37 comments:

Gene said...

Sounds like you are clairvoyantly apologizing for the Pope ahead of time. If he does this, it is only going to encourage the media and the progressives. If he does so, I will (prayerfully) consider it PC BS.

Gabby said...

Re. the Mass of Chrism
Our diocese is too widespread to allow the priests to attend a Mass of Chrism on Holy Thursday morning and make it back to their parishes to celebrate the Mass of the Lord's Supper in the evening. Usually the bishop schedules diocesan meetings the week before Holy Week and celebrates the Mass of Chrism at the end of the meetings -- it was celebrated two days ago. Sadly, I've knows some priests refuse to attend it.

About 7 years ago I decided I would experience my first Mass of Chrism so got my plane ticket and booked my hotel room. Our pastor chose not to go. Imagine my surprise when the Bishop, recognizing me, announced that I would be bringing back the Holy Oils for the 4 parishes for whom I was secretary. Luckily for me, the person doing the security check at the airport the next day had been at Mass the night before and knew what all those little bottles were. (Is my diocese the only one so stingy with the oils, giving each parish only 2 ounces of each?)

The next year the Pastor chose to send me in his stead. I honestly wondered if it was because he didn't want to pledge obedience to the Bishop, his best friend since their seminary days, whom he defied at every turn, sometimes to his face in my presence.

For about 10 years we did present the Oils to the parish at the Mass of the Lord's Supper, but in the past 2 the priest refused to do that. Don't know what will happen this year with our new Pastor.

Re. foot washing
For more than a decade there was 'hand washing' in our parish because some people had become upset with only the Knights having their feet washed. They saw it as elitism. ???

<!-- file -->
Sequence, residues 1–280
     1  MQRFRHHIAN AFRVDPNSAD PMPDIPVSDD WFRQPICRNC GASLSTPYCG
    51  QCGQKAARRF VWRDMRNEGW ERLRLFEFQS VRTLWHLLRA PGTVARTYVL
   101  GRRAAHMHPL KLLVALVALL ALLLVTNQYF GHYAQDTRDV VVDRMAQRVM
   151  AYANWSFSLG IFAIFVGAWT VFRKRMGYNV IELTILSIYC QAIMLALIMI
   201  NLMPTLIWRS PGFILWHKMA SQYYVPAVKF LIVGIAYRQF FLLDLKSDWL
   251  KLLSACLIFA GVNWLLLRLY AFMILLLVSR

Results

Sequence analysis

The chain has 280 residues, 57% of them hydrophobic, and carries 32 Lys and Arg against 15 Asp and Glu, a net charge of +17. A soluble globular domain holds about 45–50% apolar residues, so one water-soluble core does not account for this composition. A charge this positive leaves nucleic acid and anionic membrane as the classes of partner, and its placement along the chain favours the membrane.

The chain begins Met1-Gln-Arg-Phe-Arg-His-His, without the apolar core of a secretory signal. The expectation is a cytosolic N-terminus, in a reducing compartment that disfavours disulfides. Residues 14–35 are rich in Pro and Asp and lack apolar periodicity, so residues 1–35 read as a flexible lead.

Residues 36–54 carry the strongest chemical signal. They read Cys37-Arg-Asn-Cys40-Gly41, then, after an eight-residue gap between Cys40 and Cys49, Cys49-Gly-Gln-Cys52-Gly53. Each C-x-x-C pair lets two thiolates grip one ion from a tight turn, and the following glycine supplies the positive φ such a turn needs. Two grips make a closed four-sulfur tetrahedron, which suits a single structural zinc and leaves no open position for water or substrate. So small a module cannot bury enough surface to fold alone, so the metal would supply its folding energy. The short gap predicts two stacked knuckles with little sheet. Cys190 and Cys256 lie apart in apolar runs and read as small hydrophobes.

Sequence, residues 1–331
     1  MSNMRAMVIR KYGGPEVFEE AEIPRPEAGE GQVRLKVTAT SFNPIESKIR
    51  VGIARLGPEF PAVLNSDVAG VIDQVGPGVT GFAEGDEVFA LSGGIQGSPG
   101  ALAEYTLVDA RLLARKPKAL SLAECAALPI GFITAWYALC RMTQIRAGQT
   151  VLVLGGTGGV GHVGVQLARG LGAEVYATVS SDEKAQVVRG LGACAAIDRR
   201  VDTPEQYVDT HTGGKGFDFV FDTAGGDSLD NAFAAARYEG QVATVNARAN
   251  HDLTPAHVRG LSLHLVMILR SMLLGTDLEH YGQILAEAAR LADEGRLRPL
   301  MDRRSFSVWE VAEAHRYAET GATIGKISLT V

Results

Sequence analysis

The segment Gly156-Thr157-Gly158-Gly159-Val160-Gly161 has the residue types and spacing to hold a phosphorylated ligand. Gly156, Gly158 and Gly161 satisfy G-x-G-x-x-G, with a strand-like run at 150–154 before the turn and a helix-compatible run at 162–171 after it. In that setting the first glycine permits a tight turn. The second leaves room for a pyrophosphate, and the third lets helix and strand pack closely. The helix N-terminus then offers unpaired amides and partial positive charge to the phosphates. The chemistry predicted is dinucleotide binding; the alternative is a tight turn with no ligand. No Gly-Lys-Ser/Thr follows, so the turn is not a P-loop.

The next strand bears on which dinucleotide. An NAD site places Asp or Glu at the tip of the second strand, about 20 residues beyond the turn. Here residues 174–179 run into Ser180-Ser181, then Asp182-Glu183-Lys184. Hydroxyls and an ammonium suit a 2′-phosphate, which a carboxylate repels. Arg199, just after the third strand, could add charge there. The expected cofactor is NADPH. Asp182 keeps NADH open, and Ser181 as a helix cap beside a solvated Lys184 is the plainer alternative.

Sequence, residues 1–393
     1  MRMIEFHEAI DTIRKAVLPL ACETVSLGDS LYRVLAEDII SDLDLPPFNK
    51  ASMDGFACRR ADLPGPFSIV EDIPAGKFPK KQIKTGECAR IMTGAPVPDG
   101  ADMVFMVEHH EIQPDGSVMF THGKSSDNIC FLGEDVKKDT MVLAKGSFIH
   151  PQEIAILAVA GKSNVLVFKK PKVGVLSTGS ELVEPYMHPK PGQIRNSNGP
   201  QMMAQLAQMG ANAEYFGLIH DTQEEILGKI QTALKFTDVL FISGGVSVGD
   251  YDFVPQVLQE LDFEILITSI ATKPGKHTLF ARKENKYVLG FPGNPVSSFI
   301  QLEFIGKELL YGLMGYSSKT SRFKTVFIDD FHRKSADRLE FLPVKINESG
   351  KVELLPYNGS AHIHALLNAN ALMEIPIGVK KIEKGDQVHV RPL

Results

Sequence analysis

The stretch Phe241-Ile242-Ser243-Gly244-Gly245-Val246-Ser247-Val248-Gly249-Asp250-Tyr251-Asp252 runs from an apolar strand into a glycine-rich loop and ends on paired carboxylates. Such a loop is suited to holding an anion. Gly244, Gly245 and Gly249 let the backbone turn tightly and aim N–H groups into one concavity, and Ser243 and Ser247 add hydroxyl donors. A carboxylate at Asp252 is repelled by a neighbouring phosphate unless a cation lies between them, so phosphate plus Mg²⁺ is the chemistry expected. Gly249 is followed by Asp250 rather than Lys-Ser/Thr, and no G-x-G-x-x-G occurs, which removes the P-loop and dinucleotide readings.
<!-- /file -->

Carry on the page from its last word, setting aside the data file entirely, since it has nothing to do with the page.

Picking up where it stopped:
Then around 10 years ago we went back to washing feet. At first we included women simply because men didn't want to volunteer -- and in Canada the CCCB says that a cross section of parishioners should be used. Eventually the men started to 'get it' and in the past 5 years or so it has been only men in accordance with the rubrics. This year we have a new Pastor and he wanted to have anyone who wanted their feet washed come up, in a very disorganized fashion. Someone talked him out of that, explaining that it had been very organized, almost choreographed, in recent years and that people had signed up for it in advance. He agreed to that but still insisted on children and women. So far, except for one little girl whose dad is having his washed, only men have signed up.

Gene said...

Hey, Father, if the Pope washes women's feet does that mean you are Claire-voyant? LOL!

Fr. Allan J. McDonald said...

I am "Clara-voyant!" I want to reiterate that I think the Holy Father has the right, if he so chooses, to change a rubric of the Liturgy, but he should explain why, not only with actions but with an explanation, which I believe his homily will do. He may, for I'm not totally Claro-voyant, only wash the feet of boys.
In our parish for the past five or six years, we only wash the feet of men and they must wear suit and tie. In South America and other places in Europe and even here, being a lay person active in the Church and going to Mass seems to be a "womanly" thing and not manly, especially in South America. For men to be chosen for Holy Thursday is quite powerful to our men and their sons for all they see is women doing everything in the parish except being a priest. Women dominate parish life and in some places dominate Mass attendance!

Anonymous said...

Pope Francis should not wash the feet of women. He is a servant of the liturgy not the other way around. He is quickly losing me, no, that happened when he emerged on the loggia.

David in T.O.

Gene said...

Certainly, the Pope has the right to change a rubric. It is merely my opinion that it would be bad judgement and would send mixed signals.

Fr. Allan J. McDonald said...

I think in terms of a pope losing our vote as though he is some kind of politician plays right into the hands of the secularism that has occurred in our Church and toward our members, both clergy and laity and it is the flip side of the progressives when Ratizinger appeared on the Loggia, or even prior when his name was announced. So traditionalists really are like the progressives in this, aren't they!

rcg said...